If ever you have found yourself scrolling through retail news on your desktop, maybe on a lonely afternoon, a hint of caramel drizzle in your beard from the frothy macchiato you so carelessly sipped, office blinds tilted upwards, your wingtip oxfords from Allen Edmonds indenting the supple leather of your reception loveseat, you may have heard it. The latest buzzword, omni-channel.
Omni-channel is a new trend inspiring the retail space. With recent endeavors from Staples, Best Buy, and others, it’s been dubbed the “future of digital commerce” by Forbes and has emerged as a requirement for retailers intending to move forward with a customer-driven focus.
But what is omni-channel? Omni-channel is the seamless, integrated sales experience that unifies all channels: bricks-and-mortar, eCommerce/online, mobile sales, catalogs, telephone, whatever. All of it.
When a retailer employs more than one channel, such as having a website, a catalog and a physical store, they are considered multi-channel. The intention of omni-channel is to weave multi-channel together, so that the retail sales experience isn’t separated or choppy. The customer should experience a single view, even though they may be using multiple channels. There should be no interruption from channel to channel. Bill Davis describes the distinction in an article published this past fall on the Brick Meets Click blog: “In omnichannel, a retailer is working toward a 360-degree view of its customers’ purchases across all channels, in multi-channel they’re just offering customers a selection of channels to choose between.”
Omni-channel will leverage technological advancements to do this. Because of the strong push into the digital world with eCommerce and mobile devices, traditional retailing initially only offered a digital variation of the sales space. Now, this digital version needs to be portable, interact wisely using data and algorithms, and impart a definitively unique, personalized, and thoughtful retail experience to shoppers. Take Alexandra Mysoor’s quote in this article by Kym McNicholas, arguing that omni-channel is a new reality: “Technology is allowing us to create a digital layer that encompasses all channels and creates an experience where the customer is truly at the center and can be delivered a personal experience.”
Nice definitions, but what does it actually look like?
Omni-channel retailing can take many forms. Sometimes it’s something as simple as being able to check online inventory against in-store stock. It can also be as innovative as eBay’s ‘connected glass’ shopping concept (CNN Tech), which marries the now semi-clunky, bricks-and-mortar monstrosity of yesteryear, the mall, with today’s online-focused retail experience. The hybrids range, but most involve the ability to move between mobile, online, and physical retail spaces with ease.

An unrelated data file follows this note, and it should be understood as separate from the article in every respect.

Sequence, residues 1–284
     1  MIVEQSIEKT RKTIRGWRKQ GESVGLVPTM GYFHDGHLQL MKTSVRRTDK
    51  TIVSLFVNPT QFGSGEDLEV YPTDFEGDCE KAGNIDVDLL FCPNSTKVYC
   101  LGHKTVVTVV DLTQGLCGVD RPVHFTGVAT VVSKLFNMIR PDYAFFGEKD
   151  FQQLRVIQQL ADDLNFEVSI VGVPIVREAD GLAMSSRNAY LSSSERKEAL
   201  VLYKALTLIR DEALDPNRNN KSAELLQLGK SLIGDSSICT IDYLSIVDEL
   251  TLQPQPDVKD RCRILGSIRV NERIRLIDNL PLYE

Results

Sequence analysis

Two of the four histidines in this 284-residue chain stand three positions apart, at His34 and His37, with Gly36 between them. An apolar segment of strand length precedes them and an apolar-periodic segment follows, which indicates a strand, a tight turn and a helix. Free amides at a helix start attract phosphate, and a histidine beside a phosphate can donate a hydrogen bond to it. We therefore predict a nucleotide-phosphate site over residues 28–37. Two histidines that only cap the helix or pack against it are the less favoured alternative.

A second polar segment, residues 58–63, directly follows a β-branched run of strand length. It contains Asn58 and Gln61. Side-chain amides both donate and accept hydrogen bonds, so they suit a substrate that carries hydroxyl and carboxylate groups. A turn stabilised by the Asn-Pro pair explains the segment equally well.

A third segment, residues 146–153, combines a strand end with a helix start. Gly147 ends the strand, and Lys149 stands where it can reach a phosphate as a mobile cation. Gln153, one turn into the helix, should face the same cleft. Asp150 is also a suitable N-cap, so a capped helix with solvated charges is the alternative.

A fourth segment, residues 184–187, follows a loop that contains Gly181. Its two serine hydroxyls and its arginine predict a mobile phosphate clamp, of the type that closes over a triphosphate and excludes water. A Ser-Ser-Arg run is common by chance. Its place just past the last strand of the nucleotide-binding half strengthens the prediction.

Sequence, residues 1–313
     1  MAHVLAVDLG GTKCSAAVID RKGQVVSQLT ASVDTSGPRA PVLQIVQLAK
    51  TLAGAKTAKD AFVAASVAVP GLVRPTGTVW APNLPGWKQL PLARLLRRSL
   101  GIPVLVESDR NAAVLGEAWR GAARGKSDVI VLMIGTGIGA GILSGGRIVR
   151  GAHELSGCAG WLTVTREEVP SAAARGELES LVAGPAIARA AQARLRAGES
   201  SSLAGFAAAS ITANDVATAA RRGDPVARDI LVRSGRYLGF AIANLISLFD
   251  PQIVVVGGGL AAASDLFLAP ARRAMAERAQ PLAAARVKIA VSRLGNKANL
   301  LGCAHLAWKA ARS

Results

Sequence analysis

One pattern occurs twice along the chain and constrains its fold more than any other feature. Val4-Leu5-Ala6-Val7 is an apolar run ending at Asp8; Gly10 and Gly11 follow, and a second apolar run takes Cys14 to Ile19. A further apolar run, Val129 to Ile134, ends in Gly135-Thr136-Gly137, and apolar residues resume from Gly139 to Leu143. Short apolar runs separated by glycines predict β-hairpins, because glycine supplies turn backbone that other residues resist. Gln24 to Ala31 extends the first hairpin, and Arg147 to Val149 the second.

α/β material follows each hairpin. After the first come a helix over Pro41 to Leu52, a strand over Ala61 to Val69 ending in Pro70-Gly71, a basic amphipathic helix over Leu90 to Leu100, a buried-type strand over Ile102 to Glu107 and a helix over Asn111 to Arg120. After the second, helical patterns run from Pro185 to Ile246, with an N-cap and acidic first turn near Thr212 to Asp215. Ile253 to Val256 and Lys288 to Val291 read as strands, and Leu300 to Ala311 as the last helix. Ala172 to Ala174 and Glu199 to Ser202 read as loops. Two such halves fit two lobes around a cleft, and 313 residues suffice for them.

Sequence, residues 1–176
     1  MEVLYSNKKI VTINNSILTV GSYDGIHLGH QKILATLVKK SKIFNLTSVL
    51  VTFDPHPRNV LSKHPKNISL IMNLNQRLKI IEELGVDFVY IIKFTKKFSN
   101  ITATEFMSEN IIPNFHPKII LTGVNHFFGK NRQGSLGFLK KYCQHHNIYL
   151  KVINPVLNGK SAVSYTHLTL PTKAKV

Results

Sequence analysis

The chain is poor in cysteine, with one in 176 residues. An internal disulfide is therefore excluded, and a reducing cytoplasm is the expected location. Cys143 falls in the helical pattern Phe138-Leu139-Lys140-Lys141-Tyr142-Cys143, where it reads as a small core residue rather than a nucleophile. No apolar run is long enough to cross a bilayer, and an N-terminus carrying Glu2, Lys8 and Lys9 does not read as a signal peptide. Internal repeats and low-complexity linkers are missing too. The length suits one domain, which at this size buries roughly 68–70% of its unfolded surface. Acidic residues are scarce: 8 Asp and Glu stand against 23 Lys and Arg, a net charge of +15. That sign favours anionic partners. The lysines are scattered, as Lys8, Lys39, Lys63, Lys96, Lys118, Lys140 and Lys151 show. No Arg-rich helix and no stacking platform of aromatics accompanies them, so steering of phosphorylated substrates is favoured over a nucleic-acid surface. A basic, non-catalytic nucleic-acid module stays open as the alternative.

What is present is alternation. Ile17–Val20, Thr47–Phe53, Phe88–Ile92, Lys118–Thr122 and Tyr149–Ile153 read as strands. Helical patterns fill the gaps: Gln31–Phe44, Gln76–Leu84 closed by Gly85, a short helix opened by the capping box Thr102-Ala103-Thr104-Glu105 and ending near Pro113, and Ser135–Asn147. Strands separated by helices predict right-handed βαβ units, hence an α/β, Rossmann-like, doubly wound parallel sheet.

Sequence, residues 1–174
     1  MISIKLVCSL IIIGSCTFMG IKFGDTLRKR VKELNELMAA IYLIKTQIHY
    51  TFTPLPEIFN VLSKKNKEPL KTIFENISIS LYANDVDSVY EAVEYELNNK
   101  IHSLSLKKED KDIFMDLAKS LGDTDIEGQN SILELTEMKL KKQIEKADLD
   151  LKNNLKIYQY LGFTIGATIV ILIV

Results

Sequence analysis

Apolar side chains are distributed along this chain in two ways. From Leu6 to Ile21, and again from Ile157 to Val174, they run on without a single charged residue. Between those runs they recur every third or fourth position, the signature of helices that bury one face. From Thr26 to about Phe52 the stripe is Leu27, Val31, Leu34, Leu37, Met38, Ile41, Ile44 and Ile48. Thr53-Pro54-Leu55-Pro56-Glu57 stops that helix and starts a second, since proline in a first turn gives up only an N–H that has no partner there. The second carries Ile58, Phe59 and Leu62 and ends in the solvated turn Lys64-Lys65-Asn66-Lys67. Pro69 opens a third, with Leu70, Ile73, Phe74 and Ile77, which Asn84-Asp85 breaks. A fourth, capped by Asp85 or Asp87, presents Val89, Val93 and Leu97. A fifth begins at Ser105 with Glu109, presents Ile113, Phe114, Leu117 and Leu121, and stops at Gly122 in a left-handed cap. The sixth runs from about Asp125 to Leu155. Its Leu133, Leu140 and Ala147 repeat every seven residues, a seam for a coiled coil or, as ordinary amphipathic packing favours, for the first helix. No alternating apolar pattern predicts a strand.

One leading example is Nordstrom. Despite the fact that Jamie Nordstrom, its president, doesn’t know what omni-channel means and doesn’t identify with the term (according to reports found here at Pando Daily and here at Internet Retailer); they are doing it well. The retailer has a strong presence in both the physical and online sectors, but they have successfully overlapped the two. Customers can easily choose to pick up items purchased online in any of their physical stores. Their free shipping and returns can be intermingled both online and in store, with little hassle.
I learned this recently. My mom purchased a sweater at one of their department stores while visiting, but had it unravel once she returned home. There are no Nordstrom stores where she lives, but was able to simply print off a free return label and drop it off in the mail for a no-hassle return. Smart. Simple. Streamlined.
The retailer also has woven social media gracefully into the experience. Nordstrom’s website lets you easily pin items you like, but now has also started showcasing hot items from the Pinterest community in its bricks-and-mortar stores, according to Business Insider. Nordstrom has also actively embraced customer service via Twitter.
And what’s even better? They use mobile POS systems in the store, which creates a personal, one-on-one experience that engages customers. And the future looks bright for new technology: Jamie Nordstrom stated in this article from MultiChannelMerchant that “in the foreseeable future we will not have cash registers in our store.”
While Nordstrom is one particularly comprehensive example, omni-channel retailing can really be just a simple marriage of a couple, or a few, channels. Just adding an eCommerce channel or a mobile POS can mean you are entering the realm of omni-channel, and it might be wise to consider the entire strategy as a whole. Tacking on one channel without giving thought to how they work together could be detrimental to your ever-important customer experience. Retailers now need to consider the implementation of both omni-channel payment solutions and marketing in order to transition to an omni-channel strategy without missing opportunities or mucking up customer engagement.
But why is an omni-channel strategy a smart move? More on that next time… stay tuned!
Photo credit: K B